His “Chronicles” have been lost, but a small fragment of that work confirms the darkness upon the earth at the crucifixion. After his (Africanus) remarks about Thallus’ unreasonable opinion of the darkness Hhe quotes Phlegon that “during the time of Tiberius Caesar an eclipse of the Sun occurred during the full Moon.”

J. Phlegon, another first Century historian, is mentioned by Origen in “Contra Celsum”:

“And about this darkness . . . Phlegon recalls it in the “Olympiads” (the title of his history).” He says that “Phlegon mentioned the eclipse which took place during the crucifixion of the Lord Christ, and no other (eclipse), it is clear that he did not know from his sources about any (similar) eclipse in previous times . . . and this is shown by the historical account of Tiberius Caesar itself.”

K. Tertullian, in his Apologeticus,

provided a brief description of the darkness that had commenced at noon during the crucifixion. He also indicated that those who were unaware of the prediction for the noontide onset of darkness had called it an eclipse.

L. Gospel of Nicodemus,

known as the Acts of Pilate, Christ’s Descent into Hell, and The Paradosis, refer to a variety of physical phenomena accompanying the crucifixion and the subsequent executive responses by Caesar.

  • According to Chapter XI of the Acts of Pilate, the darkness had started at midday; lasted three hours, and had been caused by the darkening of the Sun.
  • It also stated Pilate and his wife were disturbed by a report of what had happened. The Judeans he had summoned said it was an ordinary solar eclipse.
  • The Christ’s Descent into Hell described the many dead men who had arisen and had appeared to many in Jerusalem shortly after the resurrection of Christ.
  • And, the Paradosis presented the interrogations in Rome by Caesar and his subsequent decree of severe punishment against both Pilate and the Judeans for causing the darkness and earthquake that had fallen upon the whole world.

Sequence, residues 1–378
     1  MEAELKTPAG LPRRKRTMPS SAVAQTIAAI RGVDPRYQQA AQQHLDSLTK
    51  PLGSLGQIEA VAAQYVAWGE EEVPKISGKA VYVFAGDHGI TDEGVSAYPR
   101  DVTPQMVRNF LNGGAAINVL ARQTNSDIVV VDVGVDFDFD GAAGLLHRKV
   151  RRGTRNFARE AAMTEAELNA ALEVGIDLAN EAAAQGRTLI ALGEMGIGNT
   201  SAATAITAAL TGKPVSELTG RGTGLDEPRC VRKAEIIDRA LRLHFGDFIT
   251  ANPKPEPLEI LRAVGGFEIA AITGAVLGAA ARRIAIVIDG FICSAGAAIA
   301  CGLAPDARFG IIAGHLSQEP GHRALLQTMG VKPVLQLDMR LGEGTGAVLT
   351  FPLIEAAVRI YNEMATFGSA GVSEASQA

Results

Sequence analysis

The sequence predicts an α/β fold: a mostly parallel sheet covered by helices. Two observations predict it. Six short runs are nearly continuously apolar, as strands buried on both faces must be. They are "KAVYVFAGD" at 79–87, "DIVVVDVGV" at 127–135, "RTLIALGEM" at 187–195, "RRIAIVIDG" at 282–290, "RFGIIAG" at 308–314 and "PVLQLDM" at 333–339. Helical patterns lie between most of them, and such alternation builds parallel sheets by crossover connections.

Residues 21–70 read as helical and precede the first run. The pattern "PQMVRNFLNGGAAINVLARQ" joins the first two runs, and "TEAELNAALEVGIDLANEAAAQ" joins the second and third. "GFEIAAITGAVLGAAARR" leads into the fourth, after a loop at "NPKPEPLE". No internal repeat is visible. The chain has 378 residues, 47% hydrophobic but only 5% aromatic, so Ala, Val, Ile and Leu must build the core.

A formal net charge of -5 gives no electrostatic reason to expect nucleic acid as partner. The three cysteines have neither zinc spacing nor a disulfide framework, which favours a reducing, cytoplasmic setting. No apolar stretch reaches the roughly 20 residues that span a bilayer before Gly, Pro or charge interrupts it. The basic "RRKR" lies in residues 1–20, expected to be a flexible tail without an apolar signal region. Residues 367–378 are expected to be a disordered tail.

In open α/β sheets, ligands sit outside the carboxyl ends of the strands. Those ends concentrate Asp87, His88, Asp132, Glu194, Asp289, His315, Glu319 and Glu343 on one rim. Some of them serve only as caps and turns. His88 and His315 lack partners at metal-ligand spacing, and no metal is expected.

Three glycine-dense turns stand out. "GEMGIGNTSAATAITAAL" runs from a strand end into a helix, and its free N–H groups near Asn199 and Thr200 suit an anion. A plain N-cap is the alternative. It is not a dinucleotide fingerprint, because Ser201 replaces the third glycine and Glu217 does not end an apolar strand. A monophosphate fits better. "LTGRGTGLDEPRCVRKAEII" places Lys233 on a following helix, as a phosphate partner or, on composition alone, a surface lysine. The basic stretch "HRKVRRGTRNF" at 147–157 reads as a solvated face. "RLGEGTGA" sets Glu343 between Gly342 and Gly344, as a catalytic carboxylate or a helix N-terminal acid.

Biblical Prophecies- Darkness At The Messiahs Death Predicted In Advance

An Eclipse Could NOT Occur During This Time

“‘ Thallus, a Samaritan historian, wrote ca. 52 A.D.

Mara Bar-Seraphon wrote a letter to his son in 73 A.D. which tells of the deaths of Socrates, Pythagoras, and of Jesus. Thallus, in the third book of his histories, explains away this darkness as an eclipse of the Sun’– unreasonably, as it seems to me” and he explains “…unreasonably, of course, because a solar eclipse could not take place at the time of the full Moon, and it was at the season of the Paschal full Moon that Christ died.”

The 3rd-century Christian historian Sextus Julius Africanus,

In a section of his work surviving in quotation by George Syncellus, stated that the chronicler Thallus had called the darkness during the crucifixion a solar eclipse. Africanus objected based on the fact that a solar eclipse could not occur during Passover; the earth was between the sun and the moon during that holiday

Amo’s Predicts The Darkness Before Yeshua Jesus Was Born

Amos predicted a cloudless day solar darkening that would commence at noon. It had been recorded during the reign of King Uzziah of Judah, several centuries before Jesus Christ. It has been interpreted as a prophecy for the crucifixion darkness:And it shall come to pass in that day, saith the Lord God, that I will cause the sun to go down at noon, and I will darken the earth in the clear day (Amos 8:9).The sun shall be turned into darkness, and the moon into blood, before the great and the terrible day of the Lord come (Joel 2:31)